Mo Facques: Farwell to a beloved local coaching legend
In the summer between his sophomore and junior year, Dan Murray got up early and would always meet his Milford AREA High School basketball coach Mo Facques at Keyes Field.
The reason was simple. Facques knew going into the 1972 season he had four or five good players, but he needed one more.
That one would be Murray – if Faques, who passed away earlier this week due to an illness at age 79, could turn him into a shooter.
“He needed a kid who could hit a jump shot,” Murray said. “I had a few offensive moves, but I wasn’t much of a player. We did that all summer, and it turned me into probably being the fourth best sophomore into the best junior.
“And he only played five guys, maybe five-and-a-half, and I was lucky enough to get that because of getting that work in. He changed my game.”
The following season, Milford went 18-2, won the Queen City Tournament and then a couple of months later beat Nashua in the semifinals along the way and then upsetting Manchester Central in the Class L title game. Milford was up and down between L and I during that time due to enrollment.
Facques went on to coach Nashua in 1974 but eventually after two years returned to Milford and won the Class I title in 1975.
“He came back,” Murray said, “and he had a great team. But when he left, I was the only one who stayed. A lot of the guys said, ‘Mo’s not coaching, I’m not playing.’ But the kids who played for him in ’75 loved him tremendously.”
Mo’s oldest son Mike, who himself had a successful stint over a decade ago as the head coach at Souhegan (and his younger son Steve also got into coaching) recounts that the double sessions (split class times) in Nashua in the 70s forced Facques to give up the Panthers job and he went back to Milford.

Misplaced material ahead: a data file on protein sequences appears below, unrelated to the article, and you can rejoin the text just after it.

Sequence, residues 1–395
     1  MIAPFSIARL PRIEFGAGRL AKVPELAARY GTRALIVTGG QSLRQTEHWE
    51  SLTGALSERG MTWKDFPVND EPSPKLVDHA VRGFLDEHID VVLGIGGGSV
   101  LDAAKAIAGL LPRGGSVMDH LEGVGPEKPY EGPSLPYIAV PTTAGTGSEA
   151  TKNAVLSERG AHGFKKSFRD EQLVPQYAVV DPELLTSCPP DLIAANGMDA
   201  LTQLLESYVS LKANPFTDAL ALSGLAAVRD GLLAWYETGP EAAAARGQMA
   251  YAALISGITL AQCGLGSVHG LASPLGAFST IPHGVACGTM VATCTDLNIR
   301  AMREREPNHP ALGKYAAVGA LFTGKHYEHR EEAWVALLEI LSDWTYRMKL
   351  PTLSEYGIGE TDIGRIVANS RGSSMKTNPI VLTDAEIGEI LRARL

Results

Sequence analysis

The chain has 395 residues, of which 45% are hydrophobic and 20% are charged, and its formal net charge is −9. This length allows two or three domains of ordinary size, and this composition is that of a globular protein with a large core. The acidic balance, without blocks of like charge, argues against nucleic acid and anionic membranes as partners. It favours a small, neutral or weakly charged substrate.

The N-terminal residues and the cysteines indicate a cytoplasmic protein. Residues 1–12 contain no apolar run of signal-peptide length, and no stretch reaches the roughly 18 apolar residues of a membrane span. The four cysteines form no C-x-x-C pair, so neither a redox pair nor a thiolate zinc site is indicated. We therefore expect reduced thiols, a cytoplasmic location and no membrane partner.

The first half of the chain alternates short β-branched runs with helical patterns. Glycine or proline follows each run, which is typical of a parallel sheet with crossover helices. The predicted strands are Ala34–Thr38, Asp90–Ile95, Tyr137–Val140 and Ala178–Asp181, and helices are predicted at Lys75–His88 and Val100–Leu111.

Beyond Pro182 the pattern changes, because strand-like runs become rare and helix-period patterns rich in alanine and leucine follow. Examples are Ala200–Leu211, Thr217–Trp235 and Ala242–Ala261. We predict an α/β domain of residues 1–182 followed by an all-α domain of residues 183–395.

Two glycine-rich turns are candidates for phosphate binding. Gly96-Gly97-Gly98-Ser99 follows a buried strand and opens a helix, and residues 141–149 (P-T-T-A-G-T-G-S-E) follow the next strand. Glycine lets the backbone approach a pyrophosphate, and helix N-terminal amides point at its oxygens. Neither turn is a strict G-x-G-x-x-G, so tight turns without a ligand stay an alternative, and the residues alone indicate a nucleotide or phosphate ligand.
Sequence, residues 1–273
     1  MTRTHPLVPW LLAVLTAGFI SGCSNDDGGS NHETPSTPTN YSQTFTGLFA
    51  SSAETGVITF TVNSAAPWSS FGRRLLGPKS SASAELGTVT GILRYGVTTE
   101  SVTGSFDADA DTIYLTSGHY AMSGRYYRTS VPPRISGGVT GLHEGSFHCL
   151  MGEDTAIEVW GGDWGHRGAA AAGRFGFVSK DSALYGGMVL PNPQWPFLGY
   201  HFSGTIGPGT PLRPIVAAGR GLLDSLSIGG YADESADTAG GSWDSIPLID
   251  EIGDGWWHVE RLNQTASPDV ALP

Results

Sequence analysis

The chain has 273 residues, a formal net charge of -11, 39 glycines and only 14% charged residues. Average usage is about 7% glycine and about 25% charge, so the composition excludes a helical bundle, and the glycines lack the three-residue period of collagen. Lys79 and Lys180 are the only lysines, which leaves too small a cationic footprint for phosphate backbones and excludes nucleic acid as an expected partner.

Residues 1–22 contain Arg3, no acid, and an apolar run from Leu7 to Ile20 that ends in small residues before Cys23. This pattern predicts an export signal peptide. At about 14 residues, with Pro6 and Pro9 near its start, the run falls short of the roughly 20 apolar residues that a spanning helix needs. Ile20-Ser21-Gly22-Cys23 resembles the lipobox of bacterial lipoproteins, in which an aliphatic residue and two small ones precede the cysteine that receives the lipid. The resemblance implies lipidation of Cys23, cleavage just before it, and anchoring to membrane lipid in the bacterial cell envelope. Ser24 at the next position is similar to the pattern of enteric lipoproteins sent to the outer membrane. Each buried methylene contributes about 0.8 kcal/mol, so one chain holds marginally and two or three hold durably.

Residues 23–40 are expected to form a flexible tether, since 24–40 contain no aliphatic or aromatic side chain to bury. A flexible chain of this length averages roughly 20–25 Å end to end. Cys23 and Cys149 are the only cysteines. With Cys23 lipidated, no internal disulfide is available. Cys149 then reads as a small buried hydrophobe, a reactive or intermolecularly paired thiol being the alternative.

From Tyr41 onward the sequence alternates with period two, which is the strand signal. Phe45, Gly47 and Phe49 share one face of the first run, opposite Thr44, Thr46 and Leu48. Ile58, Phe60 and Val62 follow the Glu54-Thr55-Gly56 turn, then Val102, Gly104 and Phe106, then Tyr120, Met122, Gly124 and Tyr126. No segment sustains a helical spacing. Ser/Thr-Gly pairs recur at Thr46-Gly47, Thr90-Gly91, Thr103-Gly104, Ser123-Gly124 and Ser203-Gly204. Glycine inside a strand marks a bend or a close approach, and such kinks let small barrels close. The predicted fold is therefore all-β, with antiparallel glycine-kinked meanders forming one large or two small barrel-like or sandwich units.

Facques was the Class I Coach of the year in 1969 and in all five years of his first Milford stint he took the Spartans to the tournament – three in Class I and two in Class L.
Facques spent about another decade or so as the Spartans head coach, and then assisted Ken Garnham. In the early 2000s, with Milford in a bind, he and Bill Brown became co-coaches. In fact, they coached against Mike Facques’ Souhegan team, with son beating father two out of three times.
About 10 years later Garnham pleaded with Facques, as the story goes, to help him at Wilton-Lyndeborough and together they guided the Warriors to the Class S title just four years ago in 2015. That was his last year behind the bench.
“He’d just build (coaches) up,” Murray said. “He’d say, ‘You may not be doing this, but you’re doing that really well.’ You’d end up walking away thinking, ‘Hey we’re pretty good.'”
Same with his players.
“He was a players coach, all the kids liked him,” Murray said. “I think we averaged something like 72 points a game, without the 3 point line. We played D and we ran like crazy.”
But Facques, Murray said, would often have long practices an hour, hour and a half longer than he was scheduled for. And then he’d take some of the players home for dinner “so he wouldn’t get in trouble with his wife. He took me like 25 times over to his house for supper.”
Murray couldn’t stop laughing when recounting the story. Facques would also always bring his players to a basketball camp on Cape Cod every summer.
“He was great to be with,” Murray said. “He’d put in the time to make us better. His thing was defense and running and he had some great game plans. He was right on top of it.”
Mike Facques recalled one of the best advice his father would give him as a coach, remembering that some of those Milford teams from the early 1970s weren’t all that close and how his father handled it.
“He told me, in the middle of practice, just blow the whistle, gather them around, and say, ‘You may not all like each other, but here we’re a team with a goal to win.'”
So Mike Facques did just that during the Sabers unbeaten Class I title year of 2003, and the results were points in the season where as many as six different players were high scorers.
Mike Facques got out of high school coaching to help raise his kids, but has been involved at the youth level. But he always notices that there are coaching methods he takes for granted that some coaches aren’t even aware of.
“Things I assume that everyone knows,” he said, “because of what he taught me.”
Facques had plenty of his players and students – he was a popular history teacher as well in the Milford system – go on to teach and coach.
“And they’d all keep in touch with him,” Murray said. “There’s a lot of coaches like that, but he’s right at the top of the list as far as being so special in everybody’s eyes.”
Murray said so many of his former pupils and players always went to him for advice, and probably now will still think of what he would say.
“It’s like,” Murray said, “he’s still here.”
Here at Keyes Field, early on a hot summer morning.